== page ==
Afghans seek greater control over aid funds

KABUL (Reuters) – Afghanistan will ask for more direct control over billions of dollars of aid funds at a major international conference today, but its foreign partners remain concerned about its ability to take the first steps alone.

A foreign troop surge that aims to tackle the Taliban in their spiritual heartland is now underway, but questions remain over the effectiveness of a much-trumpeted accompanying government drive to improve local governance and development.

Over $40 billion has been spent on Afghanistan since 2002, according to Oxfam, and around half that on training and equipping an army and police to take over security as foreign contributors plan their withdrawals from the 150,000-strong NATO-led force.

Afghan President Hamid Karzai will not ask for more money today, but instead for more of $13 billion already earmarked for the next five years to come through government coffers.

In return he is expected to offer six-month benchmarks against which to judge progress, as well as a renewed campaign against high level graft.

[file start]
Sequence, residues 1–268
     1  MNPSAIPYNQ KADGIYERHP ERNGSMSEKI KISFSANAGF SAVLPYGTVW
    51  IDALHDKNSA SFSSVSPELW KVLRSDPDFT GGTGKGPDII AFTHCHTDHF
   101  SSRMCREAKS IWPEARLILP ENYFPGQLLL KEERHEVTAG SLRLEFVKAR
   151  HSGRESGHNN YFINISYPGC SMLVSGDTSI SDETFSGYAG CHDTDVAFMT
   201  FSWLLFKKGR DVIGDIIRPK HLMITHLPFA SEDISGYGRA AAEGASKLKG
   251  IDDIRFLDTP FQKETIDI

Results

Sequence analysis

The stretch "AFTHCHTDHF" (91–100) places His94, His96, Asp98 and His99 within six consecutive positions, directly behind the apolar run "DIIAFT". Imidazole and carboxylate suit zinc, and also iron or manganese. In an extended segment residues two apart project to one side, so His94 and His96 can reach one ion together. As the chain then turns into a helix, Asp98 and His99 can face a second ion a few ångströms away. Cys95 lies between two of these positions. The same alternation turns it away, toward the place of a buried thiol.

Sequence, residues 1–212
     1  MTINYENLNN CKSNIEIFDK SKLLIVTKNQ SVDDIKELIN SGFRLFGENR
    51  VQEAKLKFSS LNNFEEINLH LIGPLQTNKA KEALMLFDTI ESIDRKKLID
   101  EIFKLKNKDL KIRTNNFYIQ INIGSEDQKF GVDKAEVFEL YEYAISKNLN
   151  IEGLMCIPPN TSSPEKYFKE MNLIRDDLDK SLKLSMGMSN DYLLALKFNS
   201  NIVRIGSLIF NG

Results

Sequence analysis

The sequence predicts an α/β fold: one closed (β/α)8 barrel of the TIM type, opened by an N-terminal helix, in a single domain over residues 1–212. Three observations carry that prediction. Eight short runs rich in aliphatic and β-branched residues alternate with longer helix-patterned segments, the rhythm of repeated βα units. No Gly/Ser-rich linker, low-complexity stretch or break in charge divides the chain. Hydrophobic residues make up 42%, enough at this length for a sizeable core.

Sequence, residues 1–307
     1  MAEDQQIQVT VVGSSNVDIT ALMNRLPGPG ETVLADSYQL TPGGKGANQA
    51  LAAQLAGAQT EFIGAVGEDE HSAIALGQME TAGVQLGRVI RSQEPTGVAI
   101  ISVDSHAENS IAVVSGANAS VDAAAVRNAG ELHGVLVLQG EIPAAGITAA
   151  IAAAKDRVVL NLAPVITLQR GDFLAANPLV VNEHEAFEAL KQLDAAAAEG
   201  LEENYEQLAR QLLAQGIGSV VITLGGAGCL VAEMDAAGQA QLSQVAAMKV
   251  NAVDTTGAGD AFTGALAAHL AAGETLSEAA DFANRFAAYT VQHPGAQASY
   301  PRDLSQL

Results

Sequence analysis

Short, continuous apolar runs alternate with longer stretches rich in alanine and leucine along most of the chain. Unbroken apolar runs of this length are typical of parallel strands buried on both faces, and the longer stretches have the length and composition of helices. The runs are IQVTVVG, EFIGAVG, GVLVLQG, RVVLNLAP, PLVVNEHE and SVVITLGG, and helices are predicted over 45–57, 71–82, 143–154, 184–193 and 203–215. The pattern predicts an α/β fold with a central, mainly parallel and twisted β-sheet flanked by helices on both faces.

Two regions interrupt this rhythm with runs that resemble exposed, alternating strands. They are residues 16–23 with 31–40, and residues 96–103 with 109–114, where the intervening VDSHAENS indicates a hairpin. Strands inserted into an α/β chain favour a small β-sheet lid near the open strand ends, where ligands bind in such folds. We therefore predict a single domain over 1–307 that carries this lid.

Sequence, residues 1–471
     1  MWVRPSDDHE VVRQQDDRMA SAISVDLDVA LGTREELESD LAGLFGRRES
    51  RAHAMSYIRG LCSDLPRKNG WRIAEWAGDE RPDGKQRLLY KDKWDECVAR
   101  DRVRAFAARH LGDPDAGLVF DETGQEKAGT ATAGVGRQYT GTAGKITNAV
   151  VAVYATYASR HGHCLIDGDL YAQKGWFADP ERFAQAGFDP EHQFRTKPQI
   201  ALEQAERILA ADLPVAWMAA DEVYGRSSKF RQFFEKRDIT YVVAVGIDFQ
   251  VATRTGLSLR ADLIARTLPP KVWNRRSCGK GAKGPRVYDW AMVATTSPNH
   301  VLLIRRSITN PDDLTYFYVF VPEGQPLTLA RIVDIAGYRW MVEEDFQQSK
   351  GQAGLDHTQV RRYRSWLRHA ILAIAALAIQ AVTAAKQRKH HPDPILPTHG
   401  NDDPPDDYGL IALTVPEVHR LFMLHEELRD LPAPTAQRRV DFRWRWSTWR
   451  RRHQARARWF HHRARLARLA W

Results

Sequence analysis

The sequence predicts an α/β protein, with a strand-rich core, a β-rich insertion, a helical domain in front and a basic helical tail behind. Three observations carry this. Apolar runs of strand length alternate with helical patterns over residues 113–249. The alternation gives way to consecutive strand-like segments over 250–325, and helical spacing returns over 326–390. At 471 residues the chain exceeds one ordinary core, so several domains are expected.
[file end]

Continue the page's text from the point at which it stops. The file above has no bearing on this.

If Afghans see development projects coming from the government rather than foreigners, the thinking goes, they are more likely to support it. The country holds elections to parliament in September.

Wary too that his western allies want out sooner rather than later, Karzai is also seeking support for a peace plan that aims to win over and reintegrate an estimated 36,000 insurgent foot soldiers while exploring talks with moderate Taliban leaders.

US Secretary of State Hillary Clinton, among around 60 foreign ministers or heads of international organisations attending the conference, warned yesterday that some Taliban remained persona non grata.

Washington’s costly war in Afghanistan was launched against Osama bin Laden and al Qaeda who planned the September 11, 2001 attacks on the United States under the protection of the Taliban’s leaders.

“We would strongly advise our friends in Afghanistan to deal with those who are committed to a peaceful future,” she said in a townhall-style meeting in Pakistan yesterday.

The Taliban have anyway been emboldened by a perception that Washington is not committed to a drawn-out fight — the near nine-year-old war is already the America’s longest — and insists they will not stop fighting until all foreign forces leave.

A security blanket has been thrown over the capital for the conference, Afghanistan’s biggest in over three decades, with the area that houses the capital’s diplomatic and government quarter under virtual lockdown.

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